The recent addition of junior college basketball player Sheay Longstaff to the UMaine women’s basketball team is compelling for several reasons.
It’s the first signing of a junior college player by head coach Cindy Blodgett, it reveals the team’s glaring perimeter shooting weakness, and it reiterates that the UMaine program has been without a consistently strong scorer since Heather Ernest graduated in 2004.
Longstaff may provide the Black Bears with some much-needed 3-point scoring. She hit 71 of 180 3-pointers (39.4 percent) for Coffeyville (Kan.) Community College last season while the Bears hit only 95 of 356 3-pointers (26.7 percent).
However, what Longstaff may not give the Black Bears is what it could still sorely lack, a scorer. Maine needs a player who can average at least 15 points a game and be the go-to shooter during crunch time. It’s true basketball is a team game and each person’s role is pivotal to success, but there needs to be a player to fill the crucial role of the scorer.
Blodgett’s teams haven’t had a scorer in her first three seasons while only one of the two teams under previous coach Ann McInerney featured two 15 ppg scorers in Bracey Barker and Ashley Underwood (’06-07). The result has been a 43-103 record in those five seasons, including a program-worst 5-25 in ’08-09, Blodgett’s second season.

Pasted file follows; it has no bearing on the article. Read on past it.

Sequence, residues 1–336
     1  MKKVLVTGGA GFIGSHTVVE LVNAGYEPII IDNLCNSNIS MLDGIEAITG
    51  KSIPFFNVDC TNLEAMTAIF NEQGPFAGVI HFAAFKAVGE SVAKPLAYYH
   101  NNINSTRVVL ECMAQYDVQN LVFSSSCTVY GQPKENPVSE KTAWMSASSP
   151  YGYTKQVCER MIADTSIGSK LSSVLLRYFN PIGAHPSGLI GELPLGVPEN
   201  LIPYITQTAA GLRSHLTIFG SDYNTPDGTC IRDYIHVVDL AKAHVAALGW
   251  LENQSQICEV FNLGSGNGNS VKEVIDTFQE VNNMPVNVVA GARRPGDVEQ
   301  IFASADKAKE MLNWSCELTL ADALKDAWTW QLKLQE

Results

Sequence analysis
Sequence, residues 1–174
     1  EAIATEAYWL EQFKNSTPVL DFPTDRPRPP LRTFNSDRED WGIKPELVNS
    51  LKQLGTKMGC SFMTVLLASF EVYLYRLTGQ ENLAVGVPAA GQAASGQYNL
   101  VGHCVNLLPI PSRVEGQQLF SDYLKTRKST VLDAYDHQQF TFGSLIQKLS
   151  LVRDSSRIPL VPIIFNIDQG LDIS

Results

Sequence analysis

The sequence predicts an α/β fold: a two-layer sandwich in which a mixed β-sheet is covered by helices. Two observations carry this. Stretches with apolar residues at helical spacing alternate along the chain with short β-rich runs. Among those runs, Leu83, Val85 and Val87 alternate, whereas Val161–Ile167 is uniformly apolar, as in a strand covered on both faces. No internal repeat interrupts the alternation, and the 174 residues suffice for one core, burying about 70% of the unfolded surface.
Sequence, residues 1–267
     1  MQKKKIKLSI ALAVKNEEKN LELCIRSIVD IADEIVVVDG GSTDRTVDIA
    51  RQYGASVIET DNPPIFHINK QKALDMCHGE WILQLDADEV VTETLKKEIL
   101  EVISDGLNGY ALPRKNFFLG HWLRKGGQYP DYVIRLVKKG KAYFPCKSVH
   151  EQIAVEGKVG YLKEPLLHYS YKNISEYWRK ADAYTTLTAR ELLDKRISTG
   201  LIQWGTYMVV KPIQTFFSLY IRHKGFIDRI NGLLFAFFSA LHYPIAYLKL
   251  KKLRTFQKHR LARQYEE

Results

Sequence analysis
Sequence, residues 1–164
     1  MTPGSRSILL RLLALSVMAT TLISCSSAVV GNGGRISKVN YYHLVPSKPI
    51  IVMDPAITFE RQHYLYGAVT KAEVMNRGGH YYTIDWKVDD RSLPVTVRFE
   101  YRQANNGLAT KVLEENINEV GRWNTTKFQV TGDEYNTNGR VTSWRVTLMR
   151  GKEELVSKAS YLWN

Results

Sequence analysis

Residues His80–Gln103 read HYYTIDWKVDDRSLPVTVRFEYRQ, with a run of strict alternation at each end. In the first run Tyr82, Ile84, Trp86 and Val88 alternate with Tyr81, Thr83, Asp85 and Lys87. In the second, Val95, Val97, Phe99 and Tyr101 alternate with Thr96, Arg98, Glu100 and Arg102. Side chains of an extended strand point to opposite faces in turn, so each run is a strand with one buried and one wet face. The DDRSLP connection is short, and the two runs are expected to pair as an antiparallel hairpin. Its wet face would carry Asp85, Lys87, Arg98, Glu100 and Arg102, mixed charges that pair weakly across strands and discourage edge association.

One of primary reasons for the success of the UMaine program from the 1983-84 season to 2004-05 was having a scorer, a player who averaged at least 15, often 20, points per game. During those 22 seasons, Maine compiled a 453-157 record with nine league titles and seven appearances in the NCAA tourney.
Maine only had two losing seasons in that span, the first seasons under both Joanne Palombo McCallie (’92-93) and Sharon Versyp (’00-01).
In 17 of those 22 seasons, Maine had a player who averaged 15 or more points per game and had two players average 15 or more in seven of those seasons.
Those players were Emily Ellis (’83-85), Liz Coffin (’84-85), Lauree Gott (’85-86), Rachel Bouchard (’87-91), Stephanie Guidi (’93-94), Blodgett (’94-98), Jamie Cassidy (’96-2000), and Ernest (’02-04).
If coach Blodgett wants to follow the same formula of success, she needs to recruit a scorer.
The players on the current roster don’t seem to have the offensive consistency to put in at least 15 ppg. Junior forward Samantha Wheeler shows promise, but senior Tanna Ross has been nagged by injuries and frontcourt players Corinne Wellington and Samantha Baranowski were inconsistent offensively last season and prone to committing turnovers.
There may be offensive help from incoming recruits Jaymie Druding, a 6-2 power forward, and Ashleigh Roberts, a 5-9 guard/forward.
No one can second-guess Blodgett’s level of commitment and work ethic to the game of basketball and the current UMaine program. She first displayed those qualities while becoming perhaps the state’s greatest high school and college basketball player as she compiled All-Maine honors in high school and All-America honors at UMaine.
However, she still hasn’t shown whether she has the quality that would once again help UMaine be a winner: a top-notch recruiter.
Blodgett is entering the final year of a four-year contract and is also entering a time when the program consists of players she has recruited, with no leftovers from McInerney’s two losing teams. A truer measure of Blodgett’s coaching abilities, on the court and on the recruiting trail, will be this season and those that follow if her contract is renewed.